Others have started a similar format, and BT Sport’s was more interesting at the weekend

Stelling featured with Clinton Morrison, Matt Murray and Sue Smith on Saturday. Tony Cottee was there, too. Maybe they forgot to look at his birth certificate.

There was nothing particularly wrong with the show. None of the guests were ill-informed or under-prepared. They were all fine. The only problem is that ‘fine’ doesn’t make for great television, particularly on a format that always relied on the rapport of its guests to make it what it was.

Sadly, Soccer Saturday is now like champagne without any bubbles. It’s flat.

BT’s panel this weekend was just better, more interesting. The station now appears to be winning a race it never even seemed to be in, and that just feels a little bit sad.

We know why Sky made their changes. Diversity is important, but so is good television and it looks as though the broadcaster has sacrificed one for the other.

On Saturday, Stelling looked like a bloke wondering when all his mates were going to come back to the pub.

I would be surprised if he sticks around much longer. He won’t be short of offers.

Ozil’s legacy 

Mikel Arteta says Mesut Ozil’s Arsenal legacy is intact wherever the German decides to go next.

It sure is, just not in the way Arteta means. 

Now on the way out of Arsenal, Mesut Ozil’s legacy at the club is certainly intact

VAR still lacks consistency 

It was heartening to see VAR used so effectively at the Emirates on Saturday.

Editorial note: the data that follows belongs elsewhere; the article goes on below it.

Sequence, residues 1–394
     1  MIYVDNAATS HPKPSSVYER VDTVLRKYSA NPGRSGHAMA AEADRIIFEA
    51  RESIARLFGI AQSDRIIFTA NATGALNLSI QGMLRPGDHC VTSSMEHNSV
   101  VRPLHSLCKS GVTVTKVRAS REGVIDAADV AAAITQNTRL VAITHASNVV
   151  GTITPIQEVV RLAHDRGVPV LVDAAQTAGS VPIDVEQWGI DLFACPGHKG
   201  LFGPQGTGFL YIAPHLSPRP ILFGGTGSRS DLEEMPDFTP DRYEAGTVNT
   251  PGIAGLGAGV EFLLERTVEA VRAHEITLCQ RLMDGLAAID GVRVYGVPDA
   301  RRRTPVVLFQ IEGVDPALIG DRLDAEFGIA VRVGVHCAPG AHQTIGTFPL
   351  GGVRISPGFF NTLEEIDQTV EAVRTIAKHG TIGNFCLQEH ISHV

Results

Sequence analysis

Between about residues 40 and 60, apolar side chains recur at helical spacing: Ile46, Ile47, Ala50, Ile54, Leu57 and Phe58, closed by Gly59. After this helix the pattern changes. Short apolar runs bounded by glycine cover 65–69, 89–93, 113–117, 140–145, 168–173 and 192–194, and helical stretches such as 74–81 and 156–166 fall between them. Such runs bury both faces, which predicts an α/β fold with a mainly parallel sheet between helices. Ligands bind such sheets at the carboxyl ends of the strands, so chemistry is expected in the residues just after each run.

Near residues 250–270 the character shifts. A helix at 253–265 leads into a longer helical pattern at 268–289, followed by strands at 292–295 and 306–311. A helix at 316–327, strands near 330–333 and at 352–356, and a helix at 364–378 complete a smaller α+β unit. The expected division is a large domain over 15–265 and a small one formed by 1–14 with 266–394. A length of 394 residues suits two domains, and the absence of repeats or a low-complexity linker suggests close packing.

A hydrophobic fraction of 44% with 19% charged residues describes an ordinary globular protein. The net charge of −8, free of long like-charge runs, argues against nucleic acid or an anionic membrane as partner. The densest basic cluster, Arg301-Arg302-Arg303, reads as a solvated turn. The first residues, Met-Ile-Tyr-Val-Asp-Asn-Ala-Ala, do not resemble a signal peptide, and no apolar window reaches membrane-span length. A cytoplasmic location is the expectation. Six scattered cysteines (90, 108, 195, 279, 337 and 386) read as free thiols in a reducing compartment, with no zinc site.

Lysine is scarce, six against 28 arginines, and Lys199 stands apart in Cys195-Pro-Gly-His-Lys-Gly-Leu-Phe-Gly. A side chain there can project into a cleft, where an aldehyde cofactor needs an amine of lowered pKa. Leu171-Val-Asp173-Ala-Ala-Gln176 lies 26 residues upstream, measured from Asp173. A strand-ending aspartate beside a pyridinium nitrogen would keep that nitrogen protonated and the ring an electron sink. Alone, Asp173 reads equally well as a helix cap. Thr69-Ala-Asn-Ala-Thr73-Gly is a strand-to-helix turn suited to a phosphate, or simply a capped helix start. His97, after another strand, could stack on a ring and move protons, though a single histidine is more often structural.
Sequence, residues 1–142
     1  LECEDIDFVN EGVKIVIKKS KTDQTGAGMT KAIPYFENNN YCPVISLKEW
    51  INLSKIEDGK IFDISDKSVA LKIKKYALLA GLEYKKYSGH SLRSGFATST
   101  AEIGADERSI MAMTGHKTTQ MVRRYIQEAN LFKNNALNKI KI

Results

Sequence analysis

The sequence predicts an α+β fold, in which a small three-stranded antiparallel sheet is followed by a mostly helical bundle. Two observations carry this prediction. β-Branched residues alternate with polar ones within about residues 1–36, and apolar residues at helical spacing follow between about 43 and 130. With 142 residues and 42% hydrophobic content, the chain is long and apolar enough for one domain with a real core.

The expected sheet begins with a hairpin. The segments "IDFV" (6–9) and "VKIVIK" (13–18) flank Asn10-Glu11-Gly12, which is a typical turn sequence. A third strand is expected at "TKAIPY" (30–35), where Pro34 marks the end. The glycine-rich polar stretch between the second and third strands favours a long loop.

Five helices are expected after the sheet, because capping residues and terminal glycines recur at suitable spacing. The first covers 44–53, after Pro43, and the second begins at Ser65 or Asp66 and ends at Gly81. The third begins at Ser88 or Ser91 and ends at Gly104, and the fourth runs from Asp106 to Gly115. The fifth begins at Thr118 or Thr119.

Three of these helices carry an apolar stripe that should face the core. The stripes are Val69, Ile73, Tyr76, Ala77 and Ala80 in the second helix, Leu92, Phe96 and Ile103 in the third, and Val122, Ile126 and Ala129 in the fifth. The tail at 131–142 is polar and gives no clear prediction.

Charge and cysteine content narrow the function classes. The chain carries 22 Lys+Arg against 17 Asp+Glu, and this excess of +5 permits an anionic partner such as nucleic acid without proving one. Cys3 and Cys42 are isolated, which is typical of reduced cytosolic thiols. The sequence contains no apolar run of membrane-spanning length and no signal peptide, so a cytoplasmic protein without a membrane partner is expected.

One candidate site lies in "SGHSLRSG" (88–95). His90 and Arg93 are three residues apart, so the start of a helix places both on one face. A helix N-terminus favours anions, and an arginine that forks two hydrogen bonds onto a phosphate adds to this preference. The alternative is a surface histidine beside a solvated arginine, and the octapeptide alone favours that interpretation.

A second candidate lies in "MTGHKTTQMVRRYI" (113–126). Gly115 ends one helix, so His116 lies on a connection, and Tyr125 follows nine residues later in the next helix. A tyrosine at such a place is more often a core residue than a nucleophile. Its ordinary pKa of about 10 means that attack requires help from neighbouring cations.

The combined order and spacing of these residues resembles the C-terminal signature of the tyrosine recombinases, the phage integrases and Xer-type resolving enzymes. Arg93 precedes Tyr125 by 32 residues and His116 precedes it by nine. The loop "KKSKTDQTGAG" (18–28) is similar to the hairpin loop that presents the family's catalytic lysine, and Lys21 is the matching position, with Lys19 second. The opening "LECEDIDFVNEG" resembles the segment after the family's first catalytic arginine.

Emile Smith Rowe’s attempt to flick the ball away from Newcastle’s Sean Longstaff while off balance was the kind of challenge that looks bad live or on a freeze frame but was shown to be largely harmless when watched again on tape. The decision to downgrade from red card to yellow was a correct one.

Less fortunate was the Brentford player Josh Dasilva, sent off for leaving his studs on Tottenham’s Pierre-Emile Hojbjerg four days earlier.

VAR was checked to change the decision on Emile Smith-Rowe’s red card against Newcastle

Dasilva’s contact seemed accidental to me, but that shouldn’t matter. It was still reckless and VAR was right to tell Mike Dean he had missed something serious.

Which brings us to Theo Walcott and James Milner at Southampton last Monday.

The Southampton player’s challenge was dreadful. He was late, dangerous and not in control. The tackle fulfilled just about every red criterion yet referee Andre Marriner was not alerted to it by the officials at Stockley Park.

Why not? It is this baffling inconsistency that fosters a lack of confidence in the system.

Macari deserves every donation 

Tommy Docherty’s widow Mary has asked that anyone wishing to make funeral donations direct their generosity to Lou Macari’s homeless project in Staffordshire instead.

Macari — who won the FA Cup with Docherty’s Manchester United side in 1977 — established his foundation five years ago. Recently, he announced the opening of a new Covid-secure homeless shelter in Stoke-on-Trent.

It is an astonishing project and deserves every penny of support it receives. Details can be found at 

Tommy Docherty’s widow wants funeral donations to go to Lou Macari’s homeless project

Share this article

Source: Read Full Article